News & Politics

Whitlow’s Will Likely Become a Five Guys. It’s Just the Latest Anticlimactic Restaurant Takeover Around DC.

These iconic spots are now chain restaurants and banks.

Arlington bar Whitlow's on Wilson. Photograph by Flickr user Dave DeSandro.

Clarendon’s boozy staple Whitlow’s on Wilson just closed last month, but there’s already a likely tenant in line to take over part of the space. ARLNow reports that permits posted in the windows list burger chain Five Guys as the incoming project name. The arrival of a chain restaurant—even a locally-founded one—feels like a deflating bookend to the building’s beer-soaked legacy.

This isn’t the first time an iconic spot has been replaced by a less exciting alternative. Here’s a look at some of the most anticlimactic change0vers around DC:

Yenching Palace

The Chinese restaurant with the backwards “Y” sign opened in 1955, and was known for hosting bold-face names like Henry Kissinger, Bob Woodward, Carl Bernstein, and Dionne Warwick. Most notably, the restaurant was rumored to be a meeting spot for representatives of President John F. Kennedy and Soviet leader Nikita Khrushchev during the Cuban Missile Crisis. However, crisis couldn’t be averted when the restaurant closed in 2007, and the space was transformed into a Walgreens (it’s since been shuttered).

Sans Souci

Originally an old card store near the White House, the address is better known as the location of buzzy French restaurant Sans Souci in the ’60s and ’70s. The hotspot counted literal kings and queens among its diners, along with pop culture royalty such as John Lennon, Elizabeth Taylor, and Andy Warhol. (Mick and Bianca Jagger were once turned away for not following the dress code). The eatery that now stands in its place—McDonald’s—is a little less exclusive.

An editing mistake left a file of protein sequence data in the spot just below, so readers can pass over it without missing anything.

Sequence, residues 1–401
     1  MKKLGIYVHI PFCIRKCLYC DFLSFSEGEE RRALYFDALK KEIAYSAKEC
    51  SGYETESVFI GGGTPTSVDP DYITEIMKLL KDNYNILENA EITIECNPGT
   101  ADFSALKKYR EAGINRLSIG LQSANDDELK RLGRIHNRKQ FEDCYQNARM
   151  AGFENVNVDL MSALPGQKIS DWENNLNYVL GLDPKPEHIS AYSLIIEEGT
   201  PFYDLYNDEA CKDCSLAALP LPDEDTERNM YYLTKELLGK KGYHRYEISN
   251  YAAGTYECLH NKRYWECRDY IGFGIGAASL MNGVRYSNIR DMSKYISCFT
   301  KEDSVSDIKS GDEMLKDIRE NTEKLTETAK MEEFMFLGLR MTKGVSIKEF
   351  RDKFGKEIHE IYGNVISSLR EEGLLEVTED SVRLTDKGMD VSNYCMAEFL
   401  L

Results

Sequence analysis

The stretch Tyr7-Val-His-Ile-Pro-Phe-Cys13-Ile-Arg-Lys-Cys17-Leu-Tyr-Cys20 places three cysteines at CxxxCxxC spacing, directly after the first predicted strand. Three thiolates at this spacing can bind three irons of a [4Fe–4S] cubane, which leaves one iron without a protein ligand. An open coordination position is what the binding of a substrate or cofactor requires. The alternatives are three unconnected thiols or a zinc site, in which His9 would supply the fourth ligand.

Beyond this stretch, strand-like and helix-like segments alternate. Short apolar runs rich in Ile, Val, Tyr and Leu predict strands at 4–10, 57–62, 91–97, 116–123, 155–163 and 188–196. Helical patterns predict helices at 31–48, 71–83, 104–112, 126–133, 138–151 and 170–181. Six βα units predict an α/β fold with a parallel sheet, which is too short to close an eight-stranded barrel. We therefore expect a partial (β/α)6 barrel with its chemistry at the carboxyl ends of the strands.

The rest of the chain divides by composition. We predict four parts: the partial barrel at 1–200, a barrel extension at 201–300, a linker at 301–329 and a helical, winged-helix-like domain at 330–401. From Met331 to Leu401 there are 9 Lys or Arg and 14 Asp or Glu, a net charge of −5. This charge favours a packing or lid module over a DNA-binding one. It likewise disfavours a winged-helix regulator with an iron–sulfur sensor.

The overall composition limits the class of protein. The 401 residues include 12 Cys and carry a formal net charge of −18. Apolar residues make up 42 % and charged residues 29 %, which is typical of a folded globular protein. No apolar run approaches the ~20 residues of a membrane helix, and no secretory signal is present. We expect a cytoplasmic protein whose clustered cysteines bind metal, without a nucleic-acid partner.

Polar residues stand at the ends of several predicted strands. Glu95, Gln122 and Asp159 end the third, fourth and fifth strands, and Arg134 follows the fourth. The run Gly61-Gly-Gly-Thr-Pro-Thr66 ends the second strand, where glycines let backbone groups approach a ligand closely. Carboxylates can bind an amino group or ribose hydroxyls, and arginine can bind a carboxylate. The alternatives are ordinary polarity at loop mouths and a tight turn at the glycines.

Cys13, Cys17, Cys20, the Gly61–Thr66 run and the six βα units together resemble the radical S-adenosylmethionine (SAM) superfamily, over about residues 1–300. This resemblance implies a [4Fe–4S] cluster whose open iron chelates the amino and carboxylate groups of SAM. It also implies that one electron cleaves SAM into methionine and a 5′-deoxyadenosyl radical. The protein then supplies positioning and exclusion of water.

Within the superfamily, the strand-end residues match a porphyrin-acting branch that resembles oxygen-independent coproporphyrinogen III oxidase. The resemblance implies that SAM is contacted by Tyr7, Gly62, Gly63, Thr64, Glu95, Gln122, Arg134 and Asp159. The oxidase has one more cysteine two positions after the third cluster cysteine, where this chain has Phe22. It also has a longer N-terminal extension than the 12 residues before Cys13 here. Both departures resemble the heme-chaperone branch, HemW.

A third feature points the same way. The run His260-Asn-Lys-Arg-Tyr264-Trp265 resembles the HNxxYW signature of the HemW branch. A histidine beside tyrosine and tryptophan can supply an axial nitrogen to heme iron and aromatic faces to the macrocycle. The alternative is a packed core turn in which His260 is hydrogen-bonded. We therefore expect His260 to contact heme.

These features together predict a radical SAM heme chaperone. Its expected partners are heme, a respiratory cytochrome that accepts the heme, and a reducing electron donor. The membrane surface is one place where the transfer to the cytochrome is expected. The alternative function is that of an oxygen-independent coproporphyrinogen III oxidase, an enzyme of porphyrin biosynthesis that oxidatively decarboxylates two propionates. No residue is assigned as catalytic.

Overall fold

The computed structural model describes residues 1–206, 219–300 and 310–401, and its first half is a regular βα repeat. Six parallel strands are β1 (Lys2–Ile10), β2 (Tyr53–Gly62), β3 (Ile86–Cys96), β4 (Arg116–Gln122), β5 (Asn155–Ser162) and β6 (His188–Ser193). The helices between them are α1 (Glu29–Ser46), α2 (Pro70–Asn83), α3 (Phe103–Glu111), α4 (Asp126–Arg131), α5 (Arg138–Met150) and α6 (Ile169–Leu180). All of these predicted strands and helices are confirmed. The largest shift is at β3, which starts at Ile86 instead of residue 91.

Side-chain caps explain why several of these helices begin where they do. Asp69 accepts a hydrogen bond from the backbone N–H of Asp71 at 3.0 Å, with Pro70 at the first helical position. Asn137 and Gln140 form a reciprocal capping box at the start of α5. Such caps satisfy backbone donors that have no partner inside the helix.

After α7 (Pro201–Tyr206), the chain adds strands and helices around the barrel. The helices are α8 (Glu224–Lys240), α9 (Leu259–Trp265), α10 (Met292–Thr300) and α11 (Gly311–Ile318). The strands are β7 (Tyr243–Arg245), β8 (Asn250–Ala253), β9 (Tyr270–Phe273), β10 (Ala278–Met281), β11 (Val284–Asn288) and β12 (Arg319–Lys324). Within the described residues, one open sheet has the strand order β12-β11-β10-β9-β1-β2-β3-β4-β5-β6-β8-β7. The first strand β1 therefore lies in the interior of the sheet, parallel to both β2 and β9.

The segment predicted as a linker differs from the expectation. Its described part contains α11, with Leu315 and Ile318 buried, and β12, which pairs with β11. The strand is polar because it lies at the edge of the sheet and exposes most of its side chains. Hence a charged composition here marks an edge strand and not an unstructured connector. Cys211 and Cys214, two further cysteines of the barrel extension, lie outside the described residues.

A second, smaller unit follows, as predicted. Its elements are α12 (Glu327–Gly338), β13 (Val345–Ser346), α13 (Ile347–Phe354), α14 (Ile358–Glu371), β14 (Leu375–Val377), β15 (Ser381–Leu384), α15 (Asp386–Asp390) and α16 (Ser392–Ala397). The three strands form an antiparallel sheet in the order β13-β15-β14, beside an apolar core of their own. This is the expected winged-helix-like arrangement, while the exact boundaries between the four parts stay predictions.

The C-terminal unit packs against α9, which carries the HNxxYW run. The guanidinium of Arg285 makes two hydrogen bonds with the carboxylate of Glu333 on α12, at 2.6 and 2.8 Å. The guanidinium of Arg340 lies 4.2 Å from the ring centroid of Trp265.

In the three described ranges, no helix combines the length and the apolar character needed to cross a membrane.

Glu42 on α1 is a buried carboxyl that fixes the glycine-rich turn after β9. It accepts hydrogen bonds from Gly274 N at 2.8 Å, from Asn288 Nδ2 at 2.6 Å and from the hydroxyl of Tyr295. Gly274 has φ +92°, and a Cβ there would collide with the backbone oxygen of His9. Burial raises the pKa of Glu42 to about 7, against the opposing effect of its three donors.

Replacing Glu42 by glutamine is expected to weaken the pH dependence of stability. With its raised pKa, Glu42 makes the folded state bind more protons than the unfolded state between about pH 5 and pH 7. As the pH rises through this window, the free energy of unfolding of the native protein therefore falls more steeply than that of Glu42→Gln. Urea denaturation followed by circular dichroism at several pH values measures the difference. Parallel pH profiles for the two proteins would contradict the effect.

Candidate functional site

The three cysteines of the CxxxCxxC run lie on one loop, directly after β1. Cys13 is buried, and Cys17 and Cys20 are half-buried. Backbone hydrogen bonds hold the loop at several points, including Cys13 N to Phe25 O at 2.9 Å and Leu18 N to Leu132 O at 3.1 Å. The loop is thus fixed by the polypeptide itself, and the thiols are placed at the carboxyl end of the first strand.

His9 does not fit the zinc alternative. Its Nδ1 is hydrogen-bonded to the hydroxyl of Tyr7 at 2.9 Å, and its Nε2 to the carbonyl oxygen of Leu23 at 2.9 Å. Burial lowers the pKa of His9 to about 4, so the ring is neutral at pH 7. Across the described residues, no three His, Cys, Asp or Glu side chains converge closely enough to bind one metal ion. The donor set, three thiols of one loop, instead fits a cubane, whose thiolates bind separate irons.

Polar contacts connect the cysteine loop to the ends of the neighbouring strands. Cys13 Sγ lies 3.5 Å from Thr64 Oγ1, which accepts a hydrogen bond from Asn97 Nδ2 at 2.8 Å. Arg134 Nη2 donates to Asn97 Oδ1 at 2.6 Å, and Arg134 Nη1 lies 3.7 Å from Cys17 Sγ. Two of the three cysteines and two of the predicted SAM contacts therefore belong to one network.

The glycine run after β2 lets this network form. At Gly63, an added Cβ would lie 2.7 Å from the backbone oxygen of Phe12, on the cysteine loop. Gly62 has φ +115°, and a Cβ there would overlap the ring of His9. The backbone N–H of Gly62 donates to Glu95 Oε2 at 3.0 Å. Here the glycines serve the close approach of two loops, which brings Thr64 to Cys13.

Red Sage

Penn Quarter’s Southwestern-themed restaurant opened in 1992, counting the Clinton family among its regulars. Even the Grateful Dead stopped by. The restaurant closed after 14 years of business, and the lavishly decorated space was converted into a TD Bank.

Nathan’s

The 40-year-old institution in Georgetown closed its doors in 2009, with owner (and former Washingtonian staffer) Carol Ross Joynt citing high rent prices and debt. Ten years later, the corner building started serving food and drinks once more—albeit as a Capital One Café with a banking component.

Rive Gauche

The corner of Wisconsin and M Street in Georgetown was once home to Rive Gauche, a pricey French restaurant with glitzy chandeliers and an equally glamorous clientele. (Jackie Kennedy Onassis was a fan). Now a visit to the same location will land you at a Banana Republic.

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Daniella Byck
Assistant Editor

Daniella Byck joined Washingtonian in August 2018. She is a graduate of the University of Wisconsin-Madison where she studied journalism and digital culture.